Pipeline 'betrayal' could trigger unprecedented protests: activist
VANCOUVER - Outrage over the federal government's announcement about buying the Trans Mountain pipeline to ensure it gets built could fuel unprecedented protests, says a prominent environmentalist who was at the forefront of British Columbia's so-called War in the Woods in the 1990s.
Tzeporah Berman said the fight against the pipeline expansion is even bigger than those over logging in Clayoquot Sound.
Canadians are angry the government is shelling out $4.5 billion to purchase the Trans Mountain pipeline rather than investing in clean energy after Prime Minister Justin Trudeau's climate-change promises during the 2015 election and his later commitment to the Paris climate accord, she said.
“My experience is that people are motivated by betrayal, they're motivated by a lack of fairness, they're motivated by a sense of shared common purpose and outrage. In this case we have all of that,” said Berman, who was cleared of aiding and abetting protesters at the Clayoquot blockade and is now an adjunct professor of environmental studies at York University in Toronto.
Berman said the Liberal government “made a very big mistake” by backing Kinder Morgan's project and alienating voters to create “a perfect storm” that would prompt people to take action.
“I think a lot of us who knocked on doors for the Trudeau government really believed them when they said they were going to bring evidence-based analysis and science and democratic process back to pipeline reviews.”
Berman is a director of Stand.earth, one of the groups that organized an anti-pipeline protest in Vancouver on Tuesday after Finance Minister Bill Morneau announced the government's plans for the pipeline between Edmonton and Burnaby, B.C. Another protest is planned in Victoria on Thursday.
“My expectation is that the outrage is going to grow and we're not just going it see it here in British Columbia but we're going to see it nationally and internationally,” she said, adding social media makes it possible for activists to connect in ways that didn't exist at the height of anti-logging protests in 1993.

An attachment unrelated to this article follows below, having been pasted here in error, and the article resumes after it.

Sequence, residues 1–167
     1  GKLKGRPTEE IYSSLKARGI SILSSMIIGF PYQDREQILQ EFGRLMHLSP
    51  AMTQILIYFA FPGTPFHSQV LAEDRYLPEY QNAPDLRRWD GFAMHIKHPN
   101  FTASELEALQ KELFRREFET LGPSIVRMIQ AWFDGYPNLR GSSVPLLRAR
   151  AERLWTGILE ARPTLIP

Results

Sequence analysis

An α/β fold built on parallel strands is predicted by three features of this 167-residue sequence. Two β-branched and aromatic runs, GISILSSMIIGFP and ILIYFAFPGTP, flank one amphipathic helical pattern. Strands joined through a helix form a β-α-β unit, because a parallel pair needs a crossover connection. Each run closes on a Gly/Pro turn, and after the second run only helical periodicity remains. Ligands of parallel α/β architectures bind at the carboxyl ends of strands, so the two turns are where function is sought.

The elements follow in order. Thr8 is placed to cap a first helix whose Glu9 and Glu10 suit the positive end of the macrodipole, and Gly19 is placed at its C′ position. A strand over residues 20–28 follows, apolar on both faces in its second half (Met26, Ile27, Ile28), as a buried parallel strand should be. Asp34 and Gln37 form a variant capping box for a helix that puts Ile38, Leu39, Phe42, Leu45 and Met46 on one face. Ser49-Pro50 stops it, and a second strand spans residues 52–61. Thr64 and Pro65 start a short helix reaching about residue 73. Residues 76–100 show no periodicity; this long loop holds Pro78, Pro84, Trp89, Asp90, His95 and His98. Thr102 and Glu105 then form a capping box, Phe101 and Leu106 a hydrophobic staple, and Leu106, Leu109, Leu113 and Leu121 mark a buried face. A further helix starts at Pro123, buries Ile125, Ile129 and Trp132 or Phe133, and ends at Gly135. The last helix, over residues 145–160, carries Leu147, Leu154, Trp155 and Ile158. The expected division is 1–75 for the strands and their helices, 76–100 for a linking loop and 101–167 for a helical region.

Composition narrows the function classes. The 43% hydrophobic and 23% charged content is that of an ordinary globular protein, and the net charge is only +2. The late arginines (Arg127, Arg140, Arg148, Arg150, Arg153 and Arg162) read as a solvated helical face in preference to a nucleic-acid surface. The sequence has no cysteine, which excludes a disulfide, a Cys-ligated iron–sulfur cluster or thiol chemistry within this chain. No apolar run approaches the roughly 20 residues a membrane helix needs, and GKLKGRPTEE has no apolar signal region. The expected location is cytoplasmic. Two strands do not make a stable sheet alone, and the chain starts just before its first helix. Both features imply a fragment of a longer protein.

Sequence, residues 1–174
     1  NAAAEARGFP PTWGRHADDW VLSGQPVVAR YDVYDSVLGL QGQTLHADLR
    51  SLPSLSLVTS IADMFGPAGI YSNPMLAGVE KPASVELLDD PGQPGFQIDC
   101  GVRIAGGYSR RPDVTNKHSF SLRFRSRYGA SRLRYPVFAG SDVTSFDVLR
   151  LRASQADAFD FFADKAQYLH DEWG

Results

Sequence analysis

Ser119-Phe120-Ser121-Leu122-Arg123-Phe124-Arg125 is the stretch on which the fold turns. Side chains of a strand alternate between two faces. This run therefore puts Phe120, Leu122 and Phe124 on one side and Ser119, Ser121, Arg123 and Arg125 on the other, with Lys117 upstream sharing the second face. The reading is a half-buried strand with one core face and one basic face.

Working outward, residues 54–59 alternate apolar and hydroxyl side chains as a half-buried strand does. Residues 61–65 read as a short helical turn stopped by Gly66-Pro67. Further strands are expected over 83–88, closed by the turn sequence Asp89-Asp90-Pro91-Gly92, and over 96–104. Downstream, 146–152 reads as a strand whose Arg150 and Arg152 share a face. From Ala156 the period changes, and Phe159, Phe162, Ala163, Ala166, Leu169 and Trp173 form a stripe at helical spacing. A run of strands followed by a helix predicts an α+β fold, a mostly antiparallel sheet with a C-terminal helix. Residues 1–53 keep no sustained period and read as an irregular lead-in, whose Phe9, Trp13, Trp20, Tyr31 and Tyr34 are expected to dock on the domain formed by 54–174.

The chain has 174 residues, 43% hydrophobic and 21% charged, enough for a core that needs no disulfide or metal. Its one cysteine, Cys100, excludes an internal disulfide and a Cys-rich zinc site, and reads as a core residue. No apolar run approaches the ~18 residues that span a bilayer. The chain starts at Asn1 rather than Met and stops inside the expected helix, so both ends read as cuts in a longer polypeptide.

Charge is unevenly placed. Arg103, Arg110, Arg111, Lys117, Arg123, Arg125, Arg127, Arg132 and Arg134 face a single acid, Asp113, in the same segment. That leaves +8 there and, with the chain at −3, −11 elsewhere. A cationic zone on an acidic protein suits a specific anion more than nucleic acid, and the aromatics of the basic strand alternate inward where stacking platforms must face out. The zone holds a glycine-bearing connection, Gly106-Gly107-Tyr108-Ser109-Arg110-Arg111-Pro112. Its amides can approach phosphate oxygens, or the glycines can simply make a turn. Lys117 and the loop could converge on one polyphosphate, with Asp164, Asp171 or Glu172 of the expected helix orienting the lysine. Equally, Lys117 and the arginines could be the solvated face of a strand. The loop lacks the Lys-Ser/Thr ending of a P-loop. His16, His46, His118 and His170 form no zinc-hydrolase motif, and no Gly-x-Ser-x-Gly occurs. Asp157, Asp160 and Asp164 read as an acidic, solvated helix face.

“We didn't have email, we didn't have cellphones. It was a remote location that took most people five to seven hours to get through. This is a pipeline project that runs through urban centres,” she said of Trans Mountain.
Khelsilem, a Squamish Nation council member who goes by his first name, said the federal government's decision to pursue completion of the pipeline expansion threatens Indigenous communities if there was a spill of bitumen from increased tanker traffic in B.C. waters.
“Trudeau had promised during the election that he would create a new environmental process that would protect Indigenous rights and that the Kinder Morgan project would be included and sent back to be done through the new process, and on both those counts he's failed completely,” he said.
Along with multiple legal challenges involving the pipeline, the Squamish Nation and five other First Nations are involved in a Federal Court of Appeal case that targets Ottawa's approval of the project.
“The protesters and the opposition, and the civil disobedience is probably going to increase,” Khelsilem said.
“Our mandate from our people is to continue to defend our rights as a people and to protect our territory, not just for us but for future generations. We're going to continue to stand with our allies that support our Indigenous rights and change the story of Canada, that Canada is no longer a country that disregards Indigenous rights.”